Helmet

The helmet is an indispensible part of the panoply of every troop type heavier than archers, and few helmet types are effective without at least some metal. In early days, with crude metal-working techniques, helmets had to be cast, and therefore had to be bronze. But by the Archaic Period improvements in technology allowed steel to be forged into first the simplest and later steadily more elaborate helmets.

Pilos helmet

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The pilos is a simple one-piece conical or domed helmet, and was the first type to be cast in bronze and then, much later, the first type to be forged from a single piece of steel. In the Archaic Period the proliferation of cheap steel pilos helmets together with laminate cuirasses drives the rise of the middle-class hoplite militia, and with it much social and political change.

Composite helmet

The first essay at replacing expensive bronze with inexpensive steel in making helmets, composite helmets consisted of a riveted circlet of steel (sometimes with a nasal) with one or more arches of steel bent over the crown and riveted to the circlet. The triangular gores between the arches were filled in with panels usually of waxed leather.

The composite helmet is already obsolescent in the Archaic Period.

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Bethanian helm

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The Bethanian helm is a helmet with a nasal and cheek-pieces originally cast in one piece, and later forged from a single piece of steel. The type was introduced by the Leshy, and was originally widely worn in the civilised parts of Gehennum. It earned its "Bethanian" name because it was retained in conservative Bethan after the Samariosian, Skyran, and Theklan varieties developed and took over in other parts. Bethanian helms are worn by the Iron Stone Men and other hoplites from Bethan (in the Archaic Period).

Skyran helm

The Skyran helm developed from the so-called Bethanian helm when the cheek pieces were enlarged and attached to the crown of the helmet with hinges. This attachment was originally devised to work around early difficulties in forging a steel helmet in one piece, but it turned out to allow a closer fit than was possible with the Samariosian helm, and resulted in a practical helm affording a good compromise of protection with visibility. Some (especially older) variants have a nasal, but later specimens have instead a projecting bill over the eyes.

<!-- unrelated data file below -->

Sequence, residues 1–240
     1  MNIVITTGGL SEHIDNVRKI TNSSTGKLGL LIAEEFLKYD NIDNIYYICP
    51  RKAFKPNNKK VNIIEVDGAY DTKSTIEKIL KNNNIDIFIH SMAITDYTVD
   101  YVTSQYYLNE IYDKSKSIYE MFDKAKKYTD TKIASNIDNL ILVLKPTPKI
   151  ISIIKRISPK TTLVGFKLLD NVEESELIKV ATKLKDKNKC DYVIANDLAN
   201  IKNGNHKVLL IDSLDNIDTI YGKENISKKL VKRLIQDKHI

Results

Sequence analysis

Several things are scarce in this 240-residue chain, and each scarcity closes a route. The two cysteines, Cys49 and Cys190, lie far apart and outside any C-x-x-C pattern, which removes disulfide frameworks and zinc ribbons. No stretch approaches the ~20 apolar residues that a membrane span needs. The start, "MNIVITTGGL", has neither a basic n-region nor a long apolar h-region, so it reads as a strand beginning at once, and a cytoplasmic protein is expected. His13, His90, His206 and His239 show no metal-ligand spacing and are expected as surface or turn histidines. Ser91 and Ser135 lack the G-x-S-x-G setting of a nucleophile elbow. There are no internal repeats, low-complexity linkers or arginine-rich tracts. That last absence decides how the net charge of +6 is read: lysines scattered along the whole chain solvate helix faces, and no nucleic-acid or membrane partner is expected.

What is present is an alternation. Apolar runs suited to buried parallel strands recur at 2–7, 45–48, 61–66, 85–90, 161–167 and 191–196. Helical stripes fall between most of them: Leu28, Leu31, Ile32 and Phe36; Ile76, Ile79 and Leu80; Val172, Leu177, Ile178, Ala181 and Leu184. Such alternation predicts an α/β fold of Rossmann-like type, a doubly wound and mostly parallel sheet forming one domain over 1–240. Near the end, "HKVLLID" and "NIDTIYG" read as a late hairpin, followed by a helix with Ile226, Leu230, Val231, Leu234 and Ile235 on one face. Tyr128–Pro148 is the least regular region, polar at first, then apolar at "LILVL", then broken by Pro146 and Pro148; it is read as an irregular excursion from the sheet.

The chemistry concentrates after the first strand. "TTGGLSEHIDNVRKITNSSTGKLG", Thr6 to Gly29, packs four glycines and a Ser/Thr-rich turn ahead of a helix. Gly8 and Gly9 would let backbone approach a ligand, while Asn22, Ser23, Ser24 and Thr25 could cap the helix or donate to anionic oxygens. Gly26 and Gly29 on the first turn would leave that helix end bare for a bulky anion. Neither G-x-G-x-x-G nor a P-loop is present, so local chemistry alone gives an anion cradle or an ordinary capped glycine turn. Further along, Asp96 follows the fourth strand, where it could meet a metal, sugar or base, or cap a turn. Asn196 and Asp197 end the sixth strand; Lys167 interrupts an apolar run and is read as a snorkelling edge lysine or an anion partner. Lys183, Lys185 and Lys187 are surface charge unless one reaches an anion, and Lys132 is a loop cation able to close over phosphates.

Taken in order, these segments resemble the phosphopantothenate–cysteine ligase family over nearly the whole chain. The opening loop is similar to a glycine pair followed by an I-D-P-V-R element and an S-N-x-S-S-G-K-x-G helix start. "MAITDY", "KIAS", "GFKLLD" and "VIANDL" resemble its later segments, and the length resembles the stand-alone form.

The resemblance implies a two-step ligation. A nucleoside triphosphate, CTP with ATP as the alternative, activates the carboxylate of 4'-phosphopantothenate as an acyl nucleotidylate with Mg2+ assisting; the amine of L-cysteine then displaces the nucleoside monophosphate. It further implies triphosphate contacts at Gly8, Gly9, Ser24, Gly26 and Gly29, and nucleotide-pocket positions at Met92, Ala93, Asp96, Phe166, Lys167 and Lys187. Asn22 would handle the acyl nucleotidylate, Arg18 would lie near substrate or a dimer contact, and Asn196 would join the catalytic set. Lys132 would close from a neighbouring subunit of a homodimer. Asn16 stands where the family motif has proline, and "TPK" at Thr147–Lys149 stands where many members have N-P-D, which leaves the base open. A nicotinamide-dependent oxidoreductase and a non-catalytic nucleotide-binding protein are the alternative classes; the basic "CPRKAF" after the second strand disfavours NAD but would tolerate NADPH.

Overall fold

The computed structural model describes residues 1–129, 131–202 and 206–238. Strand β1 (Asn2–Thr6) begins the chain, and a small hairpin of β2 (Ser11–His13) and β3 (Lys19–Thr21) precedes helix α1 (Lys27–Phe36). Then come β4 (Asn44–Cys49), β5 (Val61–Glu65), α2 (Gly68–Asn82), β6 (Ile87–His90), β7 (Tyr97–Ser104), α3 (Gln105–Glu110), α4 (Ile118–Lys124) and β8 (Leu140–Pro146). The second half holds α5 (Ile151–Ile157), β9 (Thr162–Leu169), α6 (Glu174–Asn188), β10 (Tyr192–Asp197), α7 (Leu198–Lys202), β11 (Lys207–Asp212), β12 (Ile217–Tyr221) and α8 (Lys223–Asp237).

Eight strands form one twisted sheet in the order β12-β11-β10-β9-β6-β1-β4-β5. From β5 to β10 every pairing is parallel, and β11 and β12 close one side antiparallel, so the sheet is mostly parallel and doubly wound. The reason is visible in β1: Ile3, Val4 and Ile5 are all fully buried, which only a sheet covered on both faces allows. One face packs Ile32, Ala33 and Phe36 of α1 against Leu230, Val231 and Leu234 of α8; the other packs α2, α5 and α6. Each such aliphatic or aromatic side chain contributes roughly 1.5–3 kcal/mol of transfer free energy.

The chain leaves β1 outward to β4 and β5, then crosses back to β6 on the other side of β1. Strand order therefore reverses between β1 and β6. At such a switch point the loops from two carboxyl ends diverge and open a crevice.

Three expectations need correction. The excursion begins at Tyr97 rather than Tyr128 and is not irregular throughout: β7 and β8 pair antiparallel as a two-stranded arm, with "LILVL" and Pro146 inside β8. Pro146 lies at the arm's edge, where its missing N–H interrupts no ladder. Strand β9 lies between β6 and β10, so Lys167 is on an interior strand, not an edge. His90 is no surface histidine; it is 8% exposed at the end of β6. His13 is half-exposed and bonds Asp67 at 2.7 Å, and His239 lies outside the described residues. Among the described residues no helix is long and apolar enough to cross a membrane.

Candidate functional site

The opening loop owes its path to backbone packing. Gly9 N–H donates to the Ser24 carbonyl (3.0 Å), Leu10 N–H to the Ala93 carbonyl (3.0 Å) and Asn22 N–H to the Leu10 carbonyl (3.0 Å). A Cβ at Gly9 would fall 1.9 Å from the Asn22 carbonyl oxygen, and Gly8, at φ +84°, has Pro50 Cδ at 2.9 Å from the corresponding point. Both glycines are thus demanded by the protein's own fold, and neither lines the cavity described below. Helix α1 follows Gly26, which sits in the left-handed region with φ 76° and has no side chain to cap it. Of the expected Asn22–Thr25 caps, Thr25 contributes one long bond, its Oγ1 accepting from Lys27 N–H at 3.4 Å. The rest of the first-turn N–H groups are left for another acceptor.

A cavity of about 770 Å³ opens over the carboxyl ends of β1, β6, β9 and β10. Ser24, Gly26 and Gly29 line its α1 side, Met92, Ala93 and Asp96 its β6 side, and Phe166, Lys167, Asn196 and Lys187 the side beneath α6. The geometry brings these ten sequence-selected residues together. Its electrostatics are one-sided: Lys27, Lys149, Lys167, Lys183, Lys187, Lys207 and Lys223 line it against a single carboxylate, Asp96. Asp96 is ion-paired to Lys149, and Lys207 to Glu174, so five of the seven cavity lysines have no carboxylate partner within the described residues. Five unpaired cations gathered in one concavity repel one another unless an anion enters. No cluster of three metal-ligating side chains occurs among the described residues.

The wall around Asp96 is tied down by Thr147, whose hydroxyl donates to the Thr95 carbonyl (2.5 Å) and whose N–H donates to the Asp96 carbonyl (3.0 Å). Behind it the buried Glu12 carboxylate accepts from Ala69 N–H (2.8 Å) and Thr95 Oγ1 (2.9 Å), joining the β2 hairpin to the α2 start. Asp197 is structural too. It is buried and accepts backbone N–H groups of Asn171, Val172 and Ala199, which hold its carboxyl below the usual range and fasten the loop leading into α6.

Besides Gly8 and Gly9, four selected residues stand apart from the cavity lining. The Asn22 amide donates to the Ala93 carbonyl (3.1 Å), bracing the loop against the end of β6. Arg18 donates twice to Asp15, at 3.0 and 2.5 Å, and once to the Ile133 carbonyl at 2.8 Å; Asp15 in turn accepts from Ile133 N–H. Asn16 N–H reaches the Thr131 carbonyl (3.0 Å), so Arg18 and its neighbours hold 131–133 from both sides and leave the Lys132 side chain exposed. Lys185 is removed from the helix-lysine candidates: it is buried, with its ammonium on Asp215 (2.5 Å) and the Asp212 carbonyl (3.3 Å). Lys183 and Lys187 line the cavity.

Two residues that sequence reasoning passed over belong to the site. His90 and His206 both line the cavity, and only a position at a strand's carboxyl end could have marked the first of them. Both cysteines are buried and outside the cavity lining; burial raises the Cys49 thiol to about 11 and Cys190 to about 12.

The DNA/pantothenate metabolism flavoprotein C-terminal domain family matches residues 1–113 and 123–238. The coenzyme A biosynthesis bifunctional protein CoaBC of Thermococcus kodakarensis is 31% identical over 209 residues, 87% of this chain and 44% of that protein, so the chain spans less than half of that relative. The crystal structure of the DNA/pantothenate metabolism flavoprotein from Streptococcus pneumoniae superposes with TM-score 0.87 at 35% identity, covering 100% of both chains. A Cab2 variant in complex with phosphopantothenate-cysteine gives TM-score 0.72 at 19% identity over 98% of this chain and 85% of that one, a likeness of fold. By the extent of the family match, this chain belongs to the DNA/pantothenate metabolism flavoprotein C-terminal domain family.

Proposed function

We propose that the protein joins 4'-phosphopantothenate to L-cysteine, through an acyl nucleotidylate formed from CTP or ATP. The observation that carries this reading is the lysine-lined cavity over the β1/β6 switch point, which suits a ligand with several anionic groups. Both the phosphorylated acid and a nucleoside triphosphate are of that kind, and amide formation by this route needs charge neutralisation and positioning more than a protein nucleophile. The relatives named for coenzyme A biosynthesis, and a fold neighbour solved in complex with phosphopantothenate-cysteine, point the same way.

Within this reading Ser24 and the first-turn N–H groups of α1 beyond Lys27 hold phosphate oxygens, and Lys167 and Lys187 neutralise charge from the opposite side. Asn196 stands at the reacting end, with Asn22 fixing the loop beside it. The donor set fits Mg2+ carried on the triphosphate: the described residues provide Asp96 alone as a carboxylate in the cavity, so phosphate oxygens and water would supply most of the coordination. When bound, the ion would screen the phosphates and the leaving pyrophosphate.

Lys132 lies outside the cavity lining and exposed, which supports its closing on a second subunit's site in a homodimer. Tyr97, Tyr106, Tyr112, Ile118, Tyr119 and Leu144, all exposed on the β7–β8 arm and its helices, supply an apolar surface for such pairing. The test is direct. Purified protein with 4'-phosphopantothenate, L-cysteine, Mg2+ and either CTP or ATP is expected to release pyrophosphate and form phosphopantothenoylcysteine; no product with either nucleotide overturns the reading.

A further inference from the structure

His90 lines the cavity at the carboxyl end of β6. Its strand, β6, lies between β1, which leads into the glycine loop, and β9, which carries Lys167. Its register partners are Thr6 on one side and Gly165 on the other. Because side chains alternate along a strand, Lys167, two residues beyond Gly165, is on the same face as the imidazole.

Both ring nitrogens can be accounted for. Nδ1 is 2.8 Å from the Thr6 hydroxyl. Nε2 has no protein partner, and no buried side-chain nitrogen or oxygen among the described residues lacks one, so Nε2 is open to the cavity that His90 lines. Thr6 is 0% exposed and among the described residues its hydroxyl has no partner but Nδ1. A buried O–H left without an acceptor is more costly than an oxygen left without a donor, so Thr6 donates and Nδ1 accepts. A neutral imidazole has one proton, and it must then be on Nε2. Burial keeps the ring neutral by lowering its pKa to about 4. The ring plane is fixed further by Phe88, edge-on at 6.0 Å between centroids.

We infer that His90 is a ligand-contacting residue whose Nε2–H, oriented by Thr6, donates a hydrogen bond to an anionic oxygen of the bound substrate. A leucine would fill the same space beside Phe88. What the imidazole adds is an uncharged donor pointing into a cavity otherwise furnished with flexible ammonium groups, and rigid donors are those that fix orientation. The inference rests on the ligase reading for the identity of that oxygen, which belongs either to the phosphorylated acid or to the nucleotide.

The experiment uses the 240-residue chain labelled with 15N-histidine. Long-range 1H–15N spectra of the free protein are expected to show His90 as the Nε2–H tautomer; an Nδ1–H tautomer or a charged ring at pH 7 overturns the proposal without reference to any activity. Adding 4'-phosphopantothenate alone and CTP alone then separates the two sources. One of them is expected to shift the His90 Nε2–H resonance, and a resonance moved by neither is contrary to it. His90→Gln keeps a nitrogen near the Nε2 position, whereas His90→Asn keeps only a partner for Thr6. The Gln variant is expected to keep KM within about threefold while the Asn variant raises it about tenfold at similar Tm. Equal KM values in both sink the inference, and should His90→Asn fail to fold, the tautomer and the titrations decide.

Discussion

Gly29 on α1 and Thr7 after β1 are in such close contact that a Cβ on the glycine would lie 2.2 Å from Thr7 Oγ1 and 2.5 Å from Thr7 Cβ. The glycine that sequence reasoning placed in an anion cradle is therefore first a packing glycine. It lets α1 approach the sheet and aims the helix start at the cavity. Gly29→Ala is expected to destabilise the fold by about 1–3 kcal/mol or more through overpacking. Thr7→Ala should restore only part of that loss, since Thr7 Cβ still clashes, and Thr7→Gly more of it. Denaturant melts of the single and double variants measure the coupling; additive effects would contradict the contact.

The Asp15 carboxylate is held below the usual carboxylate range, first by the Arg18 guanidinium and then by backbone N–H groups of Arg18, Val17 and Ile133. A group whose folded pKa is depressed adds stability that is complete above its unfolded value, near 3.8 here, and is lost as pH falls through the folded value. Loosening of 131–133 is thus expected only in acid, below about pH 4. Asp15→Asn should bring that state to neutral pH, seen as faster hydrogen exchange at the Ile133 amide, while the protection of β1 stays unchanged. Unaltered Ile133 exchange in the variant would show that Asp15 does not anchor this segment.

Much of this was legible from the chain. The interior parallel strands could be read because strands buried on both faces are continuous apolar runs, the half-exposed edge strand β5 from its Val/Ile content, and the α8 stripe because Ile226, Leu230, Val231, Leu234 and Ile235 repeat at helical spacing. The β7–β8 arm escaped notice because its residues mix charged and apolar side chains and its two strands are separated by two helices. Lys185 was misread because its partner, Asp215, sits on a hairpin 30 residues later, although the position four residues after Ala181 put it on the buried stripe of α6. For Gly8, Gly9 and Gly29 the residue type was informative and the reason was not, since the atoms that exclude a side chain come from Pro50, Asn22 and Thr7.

Popular in the Archaic Period, Skyran helms were gradually replaced by the Samariosian type, it being felt that protection was more important than vision in the tightly-packed hoplite phalanx. Skyran helmets made a comeback in the Civil War when they were issued to the Melankreuthēs, then in the Classical Period when they were issued to the Arētē. They are preferred by makhētēs, and therefore are common among agema in the Decadent Period.

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Samariosian helm

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The Samariosian helm developed from the so-called Bethanian helm by the gradual enlargement of the nasal, cheek-pieces, and neck-guard, eventually resulting in a fully-enclosed type that gives excellent protection but allows mere slits for vision and breathing. These are favoured by such hoplites as can afford them, because vision is not at a premium in the tightly-packed phalanx.

The elaborate shape of the Samariosian helm originally required casting, and therefore bronze. The type went into decline as improving ironworking allowed simpler types (such as the pilos and Theklan helmet) and helmets in joined parts (like the Skyran helm) to be made in cheaper steel. Further improvements in ironworking allowed Samariosian helms to be forged from a single sheet, and the type made a recovery.

Samariosian helms are favoured by hoplites, and are a status symbol.

Theklan helmet

A type of inexpensive, mass-produced steel helmet without face-protection, worn by poor hoplites from the Theklan hegemony in the Archaic Period, and by soldiers in low-prestige units in the Classical Period and the Decadent Period.

A Theklan helmet is formed from a single sheet of steel (or, sometimes, brass) by hammering it over a post to raise a dome in the middle. The edge is folded to produce a brim over the eyes, a neck-guard etc., with folds disposed so that the helmet can be tied in place with a thong or cord.

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Copyright © 1991 by Brett Evill. All rights reserved.